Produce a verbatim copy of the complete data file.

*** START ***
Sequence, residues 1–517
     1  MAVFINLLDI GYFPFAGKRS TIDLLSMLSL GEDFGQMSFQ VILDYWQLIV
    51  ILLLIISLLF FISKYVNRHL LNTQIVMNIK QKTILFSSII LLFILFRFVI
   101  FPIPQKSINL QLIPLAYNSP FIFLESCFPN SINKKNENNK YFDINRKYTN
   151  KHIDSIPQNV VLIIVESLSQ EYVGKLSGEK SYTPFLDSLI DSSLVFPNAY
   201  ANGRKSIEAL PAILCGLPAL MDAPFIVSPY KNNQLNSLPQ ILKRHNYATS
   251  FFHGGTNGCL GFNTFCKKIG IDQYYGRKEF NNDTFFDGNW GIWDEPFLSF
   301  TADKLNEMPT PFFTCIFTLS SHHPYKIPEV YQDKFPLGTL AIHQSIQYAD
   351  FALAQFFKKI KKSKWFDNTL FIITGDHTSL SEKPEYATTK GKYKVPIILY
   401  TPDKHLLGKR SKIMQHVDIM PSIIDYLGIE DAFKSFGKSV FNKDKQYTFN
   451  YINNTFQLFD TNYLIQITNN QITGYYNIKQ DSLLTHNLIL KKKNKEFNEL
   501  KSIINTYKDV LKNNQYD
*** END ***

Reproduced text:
Sequence, residues 1–517
     1  MAVFINLLDI GYFPFAGKRS TIDLLSMLSL GEDFGQMSFQ VILDYWQLIV
    51  ILLLIISLLF FISKYVNRHL LNTQIVMNIK QKTILFSSII LLFILFRFVI
   101  FPIPQKSINL QLIPLAYNSP FIFLESCFPN SINKKNENNK YFDINRKYTN
   151  KHIDSIPQNV VLIIVESLSQ EYVGKLSGEK SYTPFLDSLI DSSLVFPNAY
   201  ANGRKSIEAL PAILCGLPAL MDAPFIVSPY KNNQLNSLPQ ILKRHNYATS
   251  FFHGGTNGCL GFNTFCKKIG IDQYYGRKEF NNDTFFDGNW GIWDEPFLSF
   301  TADKLNEMPT PFFTCIFTLS SHHPYKIPEV YQDKFPLGTL AIHQSIQYAD
   351  FALAQFFKKI KKSKWFDNTL FIITGDHTSL SEKPEYATTK GKYKVPIILY
   401  TPDKHLLGKR SKIMQHVDIM PSIIDYLGIE DAFKSFGKSV FNKDKQYTFN
   451  YINNTFQLFD TNYLIQITNN QITGYYNIKQ DSLLTHNLIL KKKNKEFNEL
   501  KSIINTYKDV LKNNQYD